Liberty Warehouse developers roll out plans | News

Liberty Warehouse developers roll out plans



Roughly 150 or so Durham residents craned forward to look Thursday night as Liberty Warehouse's prospective developers unveiled their site plan at the Durham County Public Library. The verdict? Not much surprise and a somewhat mixed reaction.

The interior of Liberty Warehouse: During its heyday, there was a bank inside - LISA SORG
  • Lisa Sorg
  • The interior of Liberty Warehouse: During its heyday, there was a bank inside

During a community meeting convened by Preservation Durham, builders from Chapel Hill-based East West Partners explained their intentions to convert the historic tobacco warehouse near Durham's Central Park into a 320,000 square-foot, mixed-use complex. Highlights include 246 apartments, 24,000 square feet of retail space and a 391-space parking deck at the project's center. At its tallest, the building will stand five stories.

Roger Perry, president of East West Partners, said developers will look to design a complex that retains some of the warehouse's historic charm, co-opting old signs and building materials to keep a resonant, if not identical, look. Builders will also look to retain the warehouse's historic brick wall facing Central Park, which they say will be cut slightly to help it "mesh" with the new development.

"That's what's important," Perry said. "Preserving the memory of the building. It's not necessarily preserving the building."

The developers say they submitted their site plan to Durham city leaders this month, with demolition slated to begin in May. Opening date for the development is sometime in early 2016.

East West Partners is behind a number of upscale Triangle developments, including Woodcroft in Durham and East 54 in Chapel Hill.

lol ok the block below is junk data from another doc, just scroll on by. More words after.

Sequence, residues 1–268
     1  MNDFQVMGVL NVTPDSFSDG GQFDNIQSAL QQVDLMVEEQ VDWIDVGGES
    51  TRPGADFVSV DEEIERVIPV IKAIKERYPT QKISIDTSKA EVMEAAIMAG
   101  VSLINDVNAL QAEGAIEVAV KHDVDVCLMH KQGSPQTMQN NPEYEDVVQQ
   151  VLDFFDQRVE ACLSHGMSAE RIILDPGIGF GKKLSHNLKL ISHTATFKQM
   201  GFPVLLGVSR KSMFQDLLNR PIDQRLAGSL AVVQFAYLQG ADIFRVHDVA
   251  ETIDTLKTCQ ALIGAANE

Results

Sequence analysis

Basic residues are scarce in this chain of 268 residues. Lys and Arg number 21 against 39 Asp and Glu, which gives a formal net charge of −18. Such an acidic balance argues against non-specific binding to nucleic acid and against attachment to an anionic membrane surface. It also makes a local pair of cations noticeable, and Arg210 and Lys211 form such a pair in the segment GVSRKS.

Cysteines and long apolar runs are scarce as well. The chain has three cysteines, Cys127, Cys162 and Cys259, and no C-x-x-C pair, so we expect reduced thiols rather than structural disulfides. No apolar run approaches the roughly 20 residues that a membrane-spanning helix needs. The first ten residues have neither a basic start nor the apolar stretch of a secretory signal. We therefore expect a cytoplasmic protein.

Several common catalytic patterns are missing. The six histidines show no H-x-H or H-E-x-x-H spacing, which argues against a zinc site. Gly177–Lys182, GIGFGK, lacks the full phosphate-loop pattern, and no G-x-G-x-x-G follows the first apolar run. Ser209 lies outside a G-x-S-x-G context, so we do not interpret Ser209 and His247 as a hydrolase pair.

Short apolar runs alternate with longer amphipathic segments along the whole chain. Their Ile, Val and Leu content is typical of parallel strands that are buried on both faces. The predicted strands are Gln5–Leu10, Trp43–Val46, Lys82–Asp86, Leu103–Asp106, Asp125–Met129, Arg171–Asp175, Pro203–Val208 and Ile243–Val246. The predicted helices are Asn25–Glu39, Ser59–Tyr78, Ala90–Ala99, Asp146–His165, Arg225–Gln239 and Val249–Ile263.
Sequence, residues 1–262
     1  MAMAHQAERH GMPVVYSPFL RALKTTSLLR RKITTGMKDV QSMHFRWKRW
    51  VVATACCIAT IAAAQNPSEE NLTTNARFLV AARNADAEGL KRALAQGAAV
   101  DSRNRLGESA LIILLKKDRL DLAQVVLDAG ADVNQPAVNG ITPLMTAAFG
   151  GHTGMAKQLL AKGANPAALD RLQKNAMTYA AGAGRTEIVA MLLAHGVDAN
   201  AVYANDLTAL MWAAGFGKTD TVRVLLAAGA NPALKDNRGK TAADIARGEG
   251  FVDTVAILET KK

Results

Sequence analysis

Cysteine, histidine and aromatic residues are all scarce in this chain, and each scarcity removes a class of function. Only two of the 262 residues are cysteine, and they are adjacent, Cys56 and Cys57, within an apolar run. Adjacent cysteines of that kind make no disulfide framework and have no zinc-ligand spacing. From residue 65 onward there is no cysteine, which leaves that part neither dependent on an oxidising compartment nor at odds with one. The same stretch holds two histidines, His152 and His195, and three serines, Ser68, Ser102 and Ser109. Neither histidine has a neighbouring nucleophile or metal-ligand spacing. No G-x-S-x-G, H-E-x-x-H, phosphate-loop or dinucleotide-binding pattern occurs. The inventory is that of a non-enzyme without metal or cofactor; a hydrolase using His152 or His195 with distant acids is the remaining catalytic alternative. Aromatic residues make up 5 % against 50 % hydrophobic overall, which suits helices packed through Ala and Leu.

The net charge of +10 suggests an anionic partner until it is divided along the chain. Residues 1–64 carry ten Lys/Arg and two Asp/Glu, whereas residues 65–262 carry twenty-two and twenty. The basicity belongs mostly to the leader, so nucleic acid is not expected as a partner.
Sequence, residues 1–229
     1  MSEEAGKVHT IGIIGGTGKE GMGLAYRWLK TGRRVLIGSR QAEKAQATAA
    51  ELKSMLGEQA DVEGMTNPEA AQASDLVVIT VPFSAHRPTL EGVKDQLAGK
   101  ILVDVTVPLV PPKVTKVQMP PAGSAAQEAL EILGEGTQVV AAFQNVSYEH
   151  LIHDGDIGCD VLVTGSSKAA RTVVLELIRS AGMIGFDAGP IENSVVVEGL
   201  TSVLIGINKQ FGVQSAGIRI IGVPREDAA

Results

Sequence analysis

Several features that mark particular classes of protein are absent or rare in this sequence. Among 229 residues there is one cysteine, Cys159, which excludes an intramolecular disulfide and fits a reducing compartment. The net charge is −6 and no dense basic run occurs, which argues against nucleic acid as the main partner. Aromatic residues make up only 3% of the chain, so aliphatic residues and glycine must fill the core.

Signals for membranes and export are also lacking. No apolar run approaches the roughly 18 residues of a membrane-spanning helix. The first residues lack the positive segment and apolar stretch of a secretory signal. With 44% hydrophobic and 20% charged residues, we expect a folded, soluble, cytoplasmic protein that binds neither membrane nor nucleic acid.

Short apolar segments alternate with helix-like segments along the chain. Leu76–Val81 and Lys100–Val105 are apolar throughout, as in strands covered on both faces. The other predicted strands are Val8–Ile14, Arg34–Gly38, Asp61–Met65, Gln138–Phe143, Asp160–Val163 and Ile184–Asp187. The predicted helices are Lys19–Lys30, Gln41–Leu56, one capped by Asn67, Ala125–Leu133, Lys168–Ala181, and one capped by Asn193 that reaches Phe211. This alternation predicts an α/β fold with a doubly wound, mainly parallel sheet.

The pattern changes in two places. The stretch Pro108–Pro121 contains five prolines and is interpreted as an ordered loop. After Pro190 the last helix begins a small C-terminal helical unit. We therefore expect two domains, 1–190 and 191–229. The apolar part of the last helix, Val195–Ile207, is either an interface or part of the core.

It's a sign of movement in a long-stalled warehouse, which is beloved by longtime Durham residents for its historic place as the last standing tobacco auction warehouse in the city. Meanwhile, the crumbling building has been a thorny issue for members of the Durham City Council, which stripped the warehouse of its historic landmark status last May to clear the way for demolition.

In recent years, the structure had been used as a space for local artists and nonprofits, but its been largely vacant since the roof collapsed in 2011. Liberty's longtime owners, Durham-based Greenfire Development, were dogged by negligence claims when it came to the warehouse.

Many of the locals in attendance Thursday indicated they were somewhat pleased with what they saw. Others grumbled audibly.

Meanwhile, Preservation Durham Executive Director Wendy Hillis told residents that, with efforts to save the historic warehouse all but lost, it's best now to focus on working with the builders to create a pleasing project. "That ship has sailed," Hillis said.

Expect a full rundown on the Liberty project and its implications in next week's Indy.

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